April 14, 2022
“Hakuna Matata” said Joey, my outspoken newfound friend from Ohio. I was new in the United States and fortunately, it had been really easy to get along with Joey thanks to his outgoing nature and warmth towards total strangers. But here was another reason. He was speaking Swahili!
“Eti?” I asked turning to face him.
“What?” He asked looking puzzled.
“What did you just say?”
“Yes! I did not know you speak Swahili.”
“Oh, no,” he said laughing. “Wait, that’s Swahili?”
“You didn’t know?”
“Not at all! I just know the phrase from The Lion King.”
“Oh, I see!” I said comprehension dawning on me.
“It means “no worries”?”
“Yes. It is one of the most common Swahili phrases there is.” I said realizing that thanks to popular culture, some common Swahili phrases are much more popular than I had imagined. Hakuna Matata was particularly popularized in East Africa by the Kenyan band, Them Mushrooms, through their timeless 1982 song “Jambo Bwana,” before Disney appropriated it in The Lion King catapulting its popularity and making it arguably the most common Swahili words and phrases in the world.
Jambo and Jambo bwana run a close second in the list of the most common basic Swahili language phrases. Jambo means “Hello” and bwana translates to “mister.” But loose employment of bwana as “friend,” “mate,” or “guest” is common, allowing the phrase to be applicable to all people regardless of gender.
The title of Them Mushrooms’ aforementioned song, Jambo bwana is one of the most common Swahili phrases among Kenyans and tourists in East Africa. Apart from the popularity that the phrase derives from the song, Kenya uses it in marketing itself as a warm welcoming tourist destination. These two factors explain why the phrase finds itself in the company of the most common Swahili phrases.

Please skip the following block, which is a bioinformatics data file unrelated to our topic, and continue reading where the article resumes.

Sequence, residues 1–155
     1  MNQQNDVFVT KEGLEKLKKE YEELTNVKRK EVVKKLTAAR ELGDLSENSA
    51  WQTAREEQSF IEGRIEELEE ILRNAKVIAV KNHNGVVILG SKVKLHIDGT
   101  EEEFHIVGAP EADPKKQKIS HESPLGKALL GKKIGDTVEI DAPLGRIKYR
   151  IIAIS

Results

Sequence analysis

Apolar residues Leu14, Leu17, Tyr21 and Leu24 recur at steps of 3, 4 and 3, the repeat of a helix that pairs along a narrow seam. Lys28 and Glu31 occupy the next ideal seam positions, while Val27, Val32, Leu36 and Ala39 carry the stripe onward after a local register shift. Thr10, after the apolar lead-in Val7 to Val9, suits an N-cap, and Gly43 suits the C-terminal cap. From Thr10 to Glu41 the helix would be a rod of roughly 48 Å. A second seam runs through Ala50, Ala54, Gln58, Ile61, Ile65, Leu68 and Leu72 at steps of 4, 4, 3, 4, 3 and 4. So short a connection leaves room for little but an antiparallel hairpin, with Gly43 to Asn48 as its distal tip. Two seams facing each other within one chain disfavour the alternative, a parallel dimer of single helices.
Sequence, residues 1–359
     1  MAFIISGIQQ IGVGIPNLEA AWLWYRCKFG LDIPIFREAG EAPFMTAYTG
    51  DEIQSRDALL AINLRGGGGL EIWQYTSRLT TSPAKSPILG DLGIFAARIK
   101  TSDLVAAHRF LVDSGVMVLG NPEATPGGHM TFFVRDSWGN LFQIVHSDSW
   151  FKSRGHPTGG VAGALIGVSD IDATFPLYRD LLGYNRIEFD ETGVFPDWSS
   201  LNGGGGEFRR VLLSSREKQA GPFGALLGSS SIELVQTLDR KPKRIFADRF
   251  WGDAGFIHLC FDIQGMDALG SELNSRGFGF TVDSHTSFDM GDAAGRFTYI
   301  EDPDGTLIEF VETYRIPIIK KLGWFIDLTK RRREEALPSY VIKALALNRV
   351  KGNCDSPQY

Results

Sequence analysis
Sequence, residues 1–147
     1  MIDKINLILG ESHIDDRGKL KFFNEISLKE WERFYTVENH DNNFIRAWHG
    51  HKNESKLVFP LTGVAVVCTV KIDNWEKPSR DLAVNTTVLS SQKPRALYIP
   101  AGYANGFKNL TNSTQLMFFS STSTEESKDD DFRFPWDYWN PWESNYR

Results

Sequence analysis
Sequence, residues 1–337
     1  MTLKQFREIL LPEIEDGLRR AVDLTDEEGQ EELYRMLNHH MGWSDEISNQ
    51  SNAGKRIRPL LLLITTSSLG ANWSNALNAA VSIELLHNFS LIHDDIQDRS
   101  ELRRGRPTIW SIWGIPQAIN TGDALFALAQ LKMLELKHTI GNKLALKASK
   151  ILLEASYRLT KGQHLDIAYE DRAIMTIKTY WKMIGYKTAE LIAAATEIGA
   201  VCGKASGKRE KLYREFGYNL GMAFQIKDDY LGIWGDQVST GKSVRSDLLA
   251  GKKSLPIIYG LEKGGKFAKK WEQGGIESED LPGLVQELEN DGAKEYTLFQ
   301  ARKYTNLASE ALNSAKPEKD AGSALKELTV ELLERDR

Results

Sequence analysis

Habari gani? literally “What’s the news?” but applied to mean “How are you?” “How are things?” or “What’s the latest from you?” is another common Swahili phrase.
Also a lyric from the song, this popular phrase is also a common greeting among Swahili speakers hence its place in the list of common Swahili phrases.
Mzuri sana! “Very well,” a response to the Habari gani? greeting, is ipso facto, one of the most common Swahili phrases. The phrase is also a lyric in the Them Mushrooms’ song but besides that, it is on the lips of most if not all Swahili speakers as they exchange greetings.
Other common Swahili phrases include Mambo vipi? “How is everything?,” and Poa sana! “Excellent!” These variations of Habari gani? and Mzuri sana! are common Swahili phrases among younger people who tend to lean towards speaking in Sheng, a Kenyan language variety based on Swahili.
Poa is sheng for “great,” “wonderful,” or “excellent.” Though it is Sheng, the phrase earns its place in the list of most common Swahili phrases because along with several other Sheng words and phrases, most Swahili speakers happen to prefer it over its standard Swahili counterpart.
Kimathi got his education degree to teach Swahili at the University of Nairobi and taught Swahili language and literature at a high school there for three years before coming to the US for graduate studies. He has worked as a translator and editor for the last few years as well as teaching Swahili language and African cultural studies classes at the University of Wisconsin, Madison.